Build bigger “brain bank”

Your brain power is fueled by a natural chemical called acetylcholine. The problem is, we just aren’t getting the building blocks we need to make it.

It takes choline. And 90% of Americans are deficient of it.1

Choline is a macronutrient related to B-complex vitamins.

If you’ve never heard of choline, you’re not alone. This brain-saving nutrient wasn’t even recognized as an essential nutrient until 1998.

As you age, your body needs more and more choline. But unfortunately, as you get older your body produces less and less.

And when choline levels drop, you experience these symptoms:

  • Fatigue and lack of energy
  • Poor recall and memory loss
  • Brain fog and confusion
  • Sleeping problems
  • Irritability

Your brain has a huge appetite for choline. It’s the primary building block for acetylcholine.

It’s involved in many functions, including memory, sleep and muscle control. And you burn acetylcholine up 24 hours a day as your brain uses it to maintain clear communication among trillions of neurons.

Damage to the brain’s acetylcholine-producing system is linked to a number of brain disorders, including depression, dementia and even Alzheimer’s.2

Researchers at Northwestern University in Chicago tested people with a choline deficiency. They gave them a series of memory tests and found below average scores.

In the next stage, they divided the same people into two groups. One group received extra choline, the other didn’t.

After 24 weeks, both groups repeated the memory tests. The group with the extra choline performed with flying colors and their results showed a dramatic improvement over the first round. The group that received no extra choline showed no improvement over the first round.3

Another study published in The American Journal of Clinical Nutrition involving 744 women and 647 men found those with the highest choline intake enjoyed better cognitive performance.4

I advise all patients at my clinic to get more choline in their diet — whether they’re concerned about cognitive decline or not. Your best food sources for choline include fresh eggs, pastured chicken and turkey livers, bacon, grass-fed beef, salmon, pistachios, cashews and and Shiitake mushrooms.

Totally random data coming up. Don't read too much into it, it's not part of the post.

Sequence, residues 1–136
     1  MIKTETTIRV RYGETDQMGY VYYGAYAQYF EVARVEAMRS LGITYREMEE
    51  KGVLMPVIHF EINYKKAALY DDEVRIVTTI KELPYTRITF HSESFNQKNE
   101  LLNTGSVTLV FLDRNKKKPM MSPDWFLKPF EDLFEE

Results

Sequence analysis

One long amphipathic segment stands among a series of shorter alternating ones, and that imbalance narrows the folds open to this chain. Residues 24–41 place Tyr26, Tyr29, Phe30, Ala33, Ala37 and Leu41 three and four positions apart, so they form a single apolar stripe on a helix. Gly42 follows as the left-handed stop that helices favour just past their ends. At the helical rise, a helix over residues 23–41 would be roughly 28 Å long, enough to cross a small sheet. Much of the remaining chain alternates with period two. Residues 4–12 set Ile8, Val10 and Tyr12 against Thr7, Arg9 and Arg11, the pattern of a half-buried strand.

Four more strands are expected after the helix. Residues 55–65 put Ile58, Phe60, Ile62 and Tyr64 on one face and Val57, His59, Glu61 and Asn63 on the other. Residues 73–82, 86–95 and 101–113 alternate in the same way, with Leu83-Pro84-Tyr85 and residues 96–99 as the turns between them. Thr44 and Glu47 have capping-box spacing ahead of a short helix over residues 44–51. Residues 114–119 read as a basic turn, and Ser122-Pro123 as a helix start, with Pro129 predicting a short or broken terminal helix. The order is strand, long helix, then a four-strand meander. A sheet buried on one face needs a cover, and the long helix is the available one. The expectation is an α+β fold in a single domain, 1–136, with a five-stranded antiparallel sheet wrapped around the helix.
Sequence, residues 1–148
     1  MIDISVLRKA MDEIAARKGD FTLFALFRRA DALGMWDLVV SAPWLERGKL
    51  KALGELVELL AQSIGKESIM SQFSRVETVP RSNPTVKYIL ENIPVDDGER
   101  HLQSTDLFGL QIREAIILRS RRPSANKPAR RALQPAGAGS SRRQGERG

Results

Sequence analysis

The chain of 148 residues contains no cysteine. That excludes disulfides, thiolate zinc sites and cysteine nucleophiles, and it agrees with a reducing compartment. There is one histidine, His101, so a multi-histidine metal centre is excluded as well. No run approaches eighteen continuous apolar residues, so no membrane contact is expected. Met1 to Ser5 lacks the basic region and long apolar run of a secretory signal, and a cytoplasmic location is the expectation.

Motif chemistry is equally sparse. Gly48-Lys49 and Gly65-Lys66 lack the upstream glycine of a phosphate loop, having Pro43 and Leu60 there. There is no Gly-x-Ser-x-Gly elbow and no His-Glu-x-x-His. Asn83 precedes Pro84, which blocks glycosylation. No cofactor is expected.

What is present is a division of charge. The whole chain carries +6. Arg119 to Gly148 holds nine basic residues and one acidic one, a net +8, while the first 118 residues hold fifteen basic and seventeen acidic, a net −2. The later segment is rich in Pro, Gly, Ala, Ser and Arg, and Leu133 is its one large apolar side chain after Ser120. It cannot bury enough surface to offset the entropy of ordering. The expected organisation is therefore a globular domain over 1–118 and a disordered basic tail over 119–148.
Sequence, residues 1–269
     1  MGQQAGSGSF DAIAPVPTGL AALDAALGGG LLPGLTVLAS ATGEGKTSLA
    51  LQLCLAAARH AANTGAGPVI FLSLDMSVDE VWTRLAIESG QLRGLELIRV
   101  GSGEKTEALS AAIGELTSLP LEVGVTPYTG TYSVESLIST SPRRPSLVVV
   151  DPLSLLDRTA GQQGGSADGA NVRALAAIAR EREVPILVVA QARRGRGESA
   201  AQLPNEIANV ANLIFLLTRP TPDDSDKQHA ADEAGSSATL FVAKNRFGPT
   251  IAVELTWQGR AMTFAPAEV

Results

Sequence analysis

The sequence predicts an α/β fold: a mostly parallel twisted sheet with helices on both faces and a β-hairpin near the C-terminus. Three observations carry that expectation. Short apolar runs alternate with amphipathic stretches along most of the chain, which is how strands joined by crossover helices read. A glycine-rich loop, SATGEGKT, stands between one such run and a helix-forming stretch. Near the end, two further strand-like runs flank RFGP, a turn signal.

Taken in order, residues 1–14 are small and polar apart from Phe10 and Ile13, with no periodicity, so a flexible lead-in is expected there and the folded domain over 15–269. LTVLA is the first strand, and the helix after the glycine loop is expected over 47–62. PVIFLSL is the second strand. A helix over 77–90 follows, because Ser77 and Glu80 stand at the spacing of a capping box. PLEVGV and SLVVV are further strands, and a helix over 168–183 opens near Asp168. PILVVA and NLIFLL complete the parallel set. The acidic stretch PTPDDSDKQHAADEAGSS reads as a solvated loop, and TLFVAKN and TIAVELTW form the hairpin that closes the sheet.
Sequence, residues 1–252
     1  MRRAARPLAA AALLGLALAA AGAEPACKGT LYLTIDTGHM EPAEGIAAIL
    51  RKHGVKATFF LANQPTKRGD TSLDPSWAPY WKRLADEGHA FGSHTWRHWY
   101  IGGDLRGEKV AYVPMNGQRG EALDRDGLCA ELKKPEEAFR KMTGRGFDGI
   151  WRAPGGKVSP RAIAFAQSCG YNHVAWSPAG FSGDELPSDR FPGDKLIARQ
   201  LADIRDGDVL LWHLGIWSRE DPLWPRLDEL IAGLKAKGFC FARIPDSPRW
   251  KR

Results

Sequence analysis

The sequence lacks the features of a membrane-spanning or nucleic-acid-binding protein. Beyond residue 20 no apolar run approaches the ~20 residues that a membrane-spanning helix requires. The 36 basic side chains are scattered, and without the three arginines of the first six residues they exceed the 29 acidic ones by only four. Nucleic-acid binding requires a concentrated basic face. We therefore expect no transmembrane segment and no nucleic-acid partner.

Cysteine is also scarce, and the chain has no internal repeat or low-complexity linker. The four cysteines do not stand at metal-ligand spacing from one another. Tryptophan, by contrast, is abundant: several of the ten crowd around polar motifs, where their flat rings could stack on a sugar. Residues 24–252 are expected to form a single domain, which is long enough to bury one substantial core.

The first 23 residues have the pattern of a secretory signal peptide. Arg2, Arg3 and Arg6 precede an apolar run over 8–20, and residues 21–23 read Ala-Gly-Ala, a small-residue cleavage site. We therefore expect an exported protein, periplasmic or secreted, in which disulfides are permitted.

Ironically, some of the same foods that today’s doctors tell you to avoid — like bacon, eggs and red meat — are the best choline sources around.

That’s why it doesn’t surprise me that the rates of Alzheimer’s disease and dementia have continued to grow at an alarming rate.

But it’s always hard to get enough of what you need through diet alone. So I suggest supplementing with 500 mg of choline. I also recommend taking CDP choline, which is shorthand for cytidine 5’-diphosphocholine. This provides an easy-to-absorb form of choline, which the brain starts to use immediately.

Keep the Lines of Communication Firing in Your Brain

Choline isn’t the only memory supplement you need. Here are two more brain-boosting supplements to take:

  1. First, increase your DMAE. Choline works synergistically with dimethylaminoethanol (DMAE) to produce acetylcholine. Studies prove just 50 mg twice a day improves brain function and puzzle-solving.5 It can also improve your mood, increase your attention span and prevent confusion.

    The best sources of DMAE are wild-caught fish like salmon and sardines. You need at least 35 mg per day.

  2. Then, sip some lemon balm tea. One of the most effective brain herbs I’ve found is lemon balm (Melissa officinalis). You might mistake it for a backyard weed. But studies show lemon balm improves memory, alertness and cognitive function.
    It works by increasing the activity of acetylcholine. When researchers gave young adults 300 mg of lemon balm it significantly improved their memory almost immediately. It also dramatically increased their math skills.6

    You can make a tea with lemon balm leaves or inhale the essential oil. But for best results, I recommend a supplement. Take 300 mg to 500 mg three times a day.

To Your Good Health,

Al Sears, MD

Al Sears, MD, CNS

1. Zeisel SH and da Costa KA. “Choline: An essential nutrient for public health.” Nutr Rev. 2009;67(11):615-623.
2. Yotsumoto Y, et al. “White matter in the older brain is more plastic than in the younger brain.” Nature Commun. 2014;5:5504.
3. Buchman AL, et al. “Verbal and visual memory improve after choline supplementation in long-term total parenteral nutrition: A pilot study.” JPEN J Parenter Enteral Nutr. 2001;25(1):30-35.
4. Poly C, et al. “The relation of dietary choline to cognitive performance and white-matter hyperintensity in the Framingham Offspring Cohort.” Am J Clin Nutr. 2011;94(6):1584-1591.
5. Geller SJ. “Comparison of a tranquilizer and a psychic energizer used in treatment of children with behavioral disorders.” JAMA. 1960;174:481-484.
6. Scholey A, et al. “Anti-stress effects of lemon balm-containing foods.” Nutrients. 2014;6(11):4805-4821.